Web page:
1888.—Sir Raymond West.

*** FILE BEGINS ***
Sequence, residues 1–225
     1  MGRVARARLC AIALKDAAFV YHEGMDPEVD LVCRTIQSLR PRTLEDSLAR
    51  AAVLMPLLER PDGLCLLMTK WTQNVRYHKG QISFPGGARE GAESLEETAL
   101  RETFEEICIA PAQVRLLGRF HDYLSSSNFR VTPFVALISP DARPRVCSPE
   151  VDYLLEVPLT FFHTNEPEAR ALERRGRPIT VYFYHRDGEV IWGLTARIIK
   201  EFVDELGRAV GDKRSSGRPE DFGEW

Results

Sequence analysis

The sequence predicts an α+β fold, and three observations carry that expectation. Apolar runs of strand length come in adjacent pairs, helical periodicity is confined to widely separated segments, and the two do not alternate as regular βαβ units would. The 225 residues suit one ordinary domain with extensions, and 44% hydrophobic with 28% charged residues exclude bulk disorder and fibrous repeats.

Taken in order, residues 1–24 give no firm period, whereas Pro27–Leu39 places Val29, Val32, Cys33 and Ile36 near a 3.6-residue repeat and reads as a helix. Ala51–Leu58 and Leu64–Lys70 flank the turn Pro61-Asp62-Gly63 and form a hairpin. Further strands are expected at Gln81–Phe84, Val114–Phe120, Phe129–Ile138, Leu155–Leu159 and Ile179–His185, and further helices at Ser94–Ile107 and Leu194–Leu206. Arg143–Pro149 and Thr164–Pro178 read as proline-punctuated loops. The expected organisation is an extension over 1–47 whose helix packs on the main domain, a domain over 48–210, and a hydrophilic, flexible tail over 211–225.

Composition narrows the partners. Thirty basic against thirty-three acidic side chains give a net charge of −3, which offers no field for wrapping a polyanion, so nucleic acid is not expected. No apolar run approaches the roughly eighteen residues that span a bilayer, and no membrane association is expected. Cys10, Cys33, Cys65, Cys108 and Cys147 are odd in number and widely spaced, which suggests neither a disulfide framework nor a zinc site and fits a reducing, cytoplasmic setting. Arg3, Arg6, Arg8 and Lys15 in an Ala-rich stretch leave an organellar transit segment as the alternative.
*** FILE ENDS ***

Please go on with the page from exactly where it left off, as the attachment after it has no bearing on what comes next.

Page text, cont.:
What are to be their real contents? If we look into the works on ethics, from Aristotle down to our own day—take up, for instance, the work of Herbert Spencer on the Data of Ethics, or that of Leslie Stephen on the Science of Ethics—I think you will find that in no two works is there any precise agreement as to what are the primary grounds of moral obligation. You will see that in the search as to what are the grounds of moral obligation the thing itself fades away like beauty while you seek it, or as life when you are pursuing it to its centre—as life perishes away under the knife of the dissector. I came across a passage the other day in Mr. Helps's thoughts on Government, which is very pertinent to the subject. He says something to this effect:—"Look through history, and you will find few instances of a noble life in any man that has not had noble examples presented to him by those who have been the instructors of his youth." The way to secure true ethical instruction. Then, I say, the ways in which you may secure true ethical instruction and influence, the way in which you may fill the minds of your students with those tastes, and ambitions and desires, those fine sensibilities, which form a lofty character, with the result that the low vices and the more ignoble parts of our nature perish, the way to attain this object is to put them under good instructors, securing men of fine capacity and noble nature for the purpose. Leave these teachers to do the work, and they will find the way in which to impress themselves on the students. We have had examples of that in this city and Presidency; I will mention one or two names which, I am sure, will awaken a responsive chord in many of those present. Mr. Green, who was one of the earliest pioneers of education in this Presidency, has a memory, which is still fondly cherished by many who were his pupils. In later times we come to Sir Alexander Grant, a fine and noble nature, who impressed himself upon his students, to whom was transmitted in some form and degree, at least, his generous character. There is another whose absence to-day we regret—I mean my eminent and valued friend Mr. Wordsworth. I think it will be admitted, certainly by every one who has had the blessing and the advantage of close intercourse with that gentleman, that no student ever passed a month or a day under his instruction, but that he came forth from it better as well as a wiser man. This, then, is what I conceive to be the way in which ethical and moral instruction ought to be conveyed to comparatively adult pupils who are placed under professors. I have little faith in any other method, and for those who desire a continued progress and elevation and refinement of character, as well as the